"I don't think the Fed wants to disappoint the market again," said Brent Schutte, chief investment strategist for Northwestern Mutual Wealth Management, adding that Powell's Fed was the most market-dependent central bank he had seen.

One way or another, it looks to be a volatile week.

3. Tariff hearings begin: The United States Trade Representative's office will hold public hearings on tariffs starting Monday. Companies and leaders from industry trade groups are expected to testify.

President Donald Trump has threatened to impose tariffs on an additional $300 billion in goods imported from China — including toys, clothes, shoes, appliances and televisions. Last month, the Trump administration increased tariffs to 25% from 10% on $200 billion worth of Chinese goods.

Ahead of the hearings, more than 600 companies and industry trade associations — including Walmart, Costco, Target, Gap, Levi Strauss and Foot Locker — wrote to the White House urging Trump to remove levies on China and end the ongoing trade war.

"We know firsthand that the additional tariffs will have a significant, negative, and long-term impact on American businesses, farmers, families, and the US economy," the companies said in the letter.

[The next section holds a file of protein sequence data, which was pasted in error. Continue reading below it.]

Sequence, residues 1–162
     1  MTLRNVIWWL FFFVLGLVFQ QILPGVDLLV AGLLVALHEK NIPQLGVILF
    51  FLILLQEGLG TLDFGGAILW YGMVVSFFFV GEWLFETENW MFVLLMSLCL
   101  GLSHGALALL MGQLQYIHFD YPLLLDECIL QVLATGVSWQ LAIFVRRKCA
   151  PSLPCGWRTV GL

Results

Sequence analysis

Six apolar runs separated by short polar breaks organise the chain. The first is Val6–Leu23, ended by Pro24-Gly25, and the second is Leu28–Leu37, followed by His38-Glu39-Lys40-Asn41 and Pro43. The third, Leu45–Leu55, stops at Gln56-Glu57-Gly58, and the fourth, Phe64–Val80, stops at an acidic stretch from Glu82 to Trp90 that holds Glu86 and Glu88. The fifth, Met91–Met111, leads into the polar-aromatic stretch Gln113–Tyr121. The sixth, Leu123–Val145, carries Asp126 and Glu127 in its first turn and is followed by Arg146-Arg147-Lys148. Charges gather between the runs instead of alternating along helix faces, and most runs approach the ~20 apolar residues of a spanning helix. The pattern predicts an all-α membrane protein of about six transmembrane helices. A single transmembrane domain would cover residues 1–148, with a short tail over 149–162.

4. Key test for Boeing: The Paris Air Show kicks off Monday at a particularly crucial time for Boeing, one of the world's two major commercial jet manufacturers. Typically the show is a time for Boeing and Airbus to announce orders for hundreds of aircraft, but with the 737 Max still grounded and deliveries halted, Boeing may have trouble announcing its typical number of orders this year. It hasn't announced an order for a commercial jet in more than two months.

5. Coming next week:

Monday - Paris Air Show, US Treasury foreign ownership report

Tuesday - Adobe earnings, US housing starts, US Senate hearing on tariffs

Wednesday: Fed decision and press conference, earnings from Oracle and Barnes & Noble

Thursday: US leading indicators, Bank of England rate decision, earnings from Darden, Kroger and Red Hat

Friday: US existing home sales, Markit flash US manufacturing PMI